Subject: Re: [boost] [review] string convert
From: Matt Chambers (matt.chambers42_at_[hidden])
Date: 2011-05-04 09:57:50
On 5/4/2011 8:01 AM, Gordon Woodhull wrote:
> So, here's something complete (?) for people to rip apart:
> int i = convert_cast<int>(s); // default behavior: might throw
> optional<int> i = convert_cast<int>(s, use_optional_instead_of_throwing_);
> int i = convert_cast<int>(s, 17); // won't throw; can't tell if conversion successful
> int i = convert_cast<int>(s, 17, throw_even_though_i_specified_a_failback_);
> optional<int> i = convert_cast<int>(s, 17, use_optional_instead_of_throwing_);
> pair<bool,int> i = convert_cast<int>(s, 17, fallback_and_report_success_);
> I am not concerned with names, just with syntax. So I'm using "convert_cast" although I actually don't care what it's called, and I have some very ugly very descriptive tag values with distinct types to trigger different overloads, which might be abbreviated dont_throw_, do_throw_, and, um, tell_fallback_ or something.
> All would also accept extra manip_/format_= and locale_ arguments as in Vladimir's proposal, except they have to be appended to the first parameter list because of the "no proxies" requirement.
> Doesn't this now cover all the functionality we've been talking about?
> The 5th and 6th forms cover nondefaultable types / types with no sentinel value, and Vladimir's "print a warning if failing back" use-case.
> You mention noncopyable types but I'm not able to find any reference to that in the documentation or in previous discussion. I don't see how the value can be non-copyable since it's being returned by the function.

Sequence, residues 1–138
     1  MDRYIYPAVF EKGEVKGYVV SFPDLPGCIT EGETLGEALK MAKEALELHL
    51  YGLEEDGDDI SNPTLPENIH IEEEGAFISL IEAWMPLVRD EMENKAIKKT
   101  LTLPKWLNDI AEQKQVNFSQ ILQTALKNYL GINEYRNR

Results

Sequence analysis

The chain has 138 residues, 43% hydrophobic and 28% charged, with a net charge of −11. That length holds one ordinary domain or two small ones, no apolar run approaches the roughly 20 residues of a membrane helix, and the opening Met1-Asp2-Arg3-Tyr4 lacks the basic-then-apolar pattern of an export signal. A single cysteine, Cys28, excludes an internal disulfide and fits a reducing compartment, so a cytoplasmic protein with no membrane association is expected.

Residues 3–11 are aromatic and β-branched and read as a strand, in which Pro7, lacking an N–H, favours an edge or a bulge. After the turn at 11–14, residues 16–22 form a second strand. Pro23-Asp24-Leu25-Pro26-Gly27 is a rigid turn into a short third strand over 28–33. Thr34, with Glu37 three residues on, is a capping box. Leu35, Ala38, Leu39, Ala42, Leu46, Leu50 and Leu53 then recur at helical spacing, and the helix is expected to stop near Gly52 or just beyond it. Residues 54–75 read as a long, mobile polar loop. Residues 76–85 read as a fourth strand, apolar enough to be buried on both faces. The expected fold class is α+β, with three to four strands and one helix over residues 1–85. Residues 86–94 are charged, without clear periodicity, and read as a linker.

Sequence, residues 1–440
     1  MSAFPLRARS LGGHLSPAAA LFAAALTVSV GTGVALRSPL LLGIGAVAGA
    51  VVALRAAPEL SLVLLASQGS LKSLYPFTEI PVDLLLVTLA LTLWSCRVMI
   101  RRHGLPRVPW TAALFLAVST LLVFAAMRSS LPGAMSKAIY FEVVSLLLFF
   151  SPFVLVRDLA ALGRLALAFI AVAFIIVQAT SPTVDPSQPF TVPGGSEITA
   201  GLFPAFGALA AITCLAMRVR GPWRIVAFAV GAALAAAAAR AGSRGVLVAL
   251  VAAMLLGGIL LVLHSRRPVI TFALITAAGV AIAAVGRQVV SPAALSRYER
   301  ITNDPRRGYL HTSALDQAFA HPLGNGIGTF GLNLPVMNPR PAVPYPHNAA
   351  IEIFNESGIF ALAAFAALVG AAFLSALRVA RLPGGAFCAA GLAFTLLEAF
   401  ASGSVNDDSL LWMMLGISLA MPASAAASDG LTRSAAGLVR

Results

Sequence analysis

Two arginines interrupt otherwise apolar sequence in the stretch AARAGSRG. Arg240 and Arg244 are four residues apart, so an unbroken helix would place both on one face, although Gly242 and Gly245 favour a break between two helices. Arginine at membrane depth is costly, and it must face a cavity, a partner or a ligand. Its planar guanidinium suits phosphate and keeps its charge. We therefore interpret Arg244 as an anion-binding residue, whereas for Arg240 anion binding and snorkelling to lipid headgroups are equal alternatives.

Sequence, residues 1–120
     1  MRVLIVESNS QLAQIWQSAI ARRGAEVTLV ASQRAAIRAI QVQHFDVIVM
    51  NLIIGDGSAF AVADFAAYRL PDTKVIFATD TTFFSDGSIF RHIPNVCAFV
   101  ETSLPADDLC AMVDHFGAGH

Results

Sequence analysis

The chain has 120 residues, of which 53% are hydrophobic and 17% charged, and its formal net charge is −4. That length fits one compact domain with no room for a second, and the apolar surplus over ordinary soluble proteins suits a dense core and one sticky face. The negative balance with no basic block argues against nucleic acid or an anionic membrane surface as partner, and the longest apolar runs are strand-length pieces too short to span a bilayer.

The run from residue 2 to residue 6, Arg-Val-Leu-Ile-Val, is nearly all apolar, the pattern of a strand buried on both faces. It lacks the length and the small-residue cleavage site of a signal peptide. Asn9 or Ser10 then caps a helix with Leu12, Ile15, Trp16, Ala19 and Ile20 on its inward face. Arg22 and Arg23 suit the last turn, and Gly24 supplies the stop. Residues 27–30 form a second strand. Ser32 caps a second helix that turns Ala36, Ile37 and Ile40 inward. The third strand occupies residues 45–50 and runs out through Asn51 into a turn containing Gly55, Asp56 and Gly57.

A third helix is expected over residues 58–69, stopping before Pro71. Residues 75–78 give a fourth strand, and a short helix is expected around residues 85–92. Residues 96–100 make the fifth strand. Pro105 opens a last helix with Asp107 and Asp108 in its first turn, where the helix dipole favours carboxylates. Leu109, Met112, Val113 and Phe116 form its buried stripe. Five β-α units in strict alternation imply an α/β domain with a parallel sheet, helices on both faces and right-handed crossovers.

> I'd actually prefer the behavior flags were put in the template parameters, because they affect the return type, but that would be tricky because of the defaulted Destination type. (I don't think it's impossible, but it might be messy.)
> Maybe just having more functions would be simpler; I'm just taking an idea to its conclusion.
I definitely could do without the tags to pick an overload. I'd much rather have
the try_ prefix. So:
int i = convert_cast<int>(s); // default behavior: might throw
int i = convert_cast<int>(s, 17); // won't throw; can't tell if conversion
successful; but how often do people actually care about that if they're
providing a fallback value? it's still very practical and useful!
optional<int> i = try_convert_cast<int>(s); // won't throw; specialized version
of optional is not necessary since there's no fallback value
convert<int>::result i = try_convert_cast<int>(s, 17); // won't throw;
specialized version of optional is necessary to detect failure
// I'd get rid of these:
//int i = convert_cast<int>(s, 17, throw_even_though_i_specified_a_failback_);
// what's the purpose of this overload?
//optional<int> i = try_convert_cast<int>(s, 17); // this doesn't allow checking
for failure, so there's not much point
//pair<bool,int> i = convert_cast<int>(s, 17, fallback_and_report_success_); //
it's burning my eyes
>> Finding the right prefix for "_cast" will be a challenge.
> Sigh, another naming debate. (Naming is important but so difficult!) It does seem like the direction that *_cast<>() is clearer to people than convert<>()
> I also like as<>() :-) but somehow I don't think that'll generate consensus.
The first overload is a drop-in replacement for lexical_cast as far as I'm
concerned (even with additional arguments for locale and manipulators). If it
can pass all the lexical_cast tests, what's the harm?
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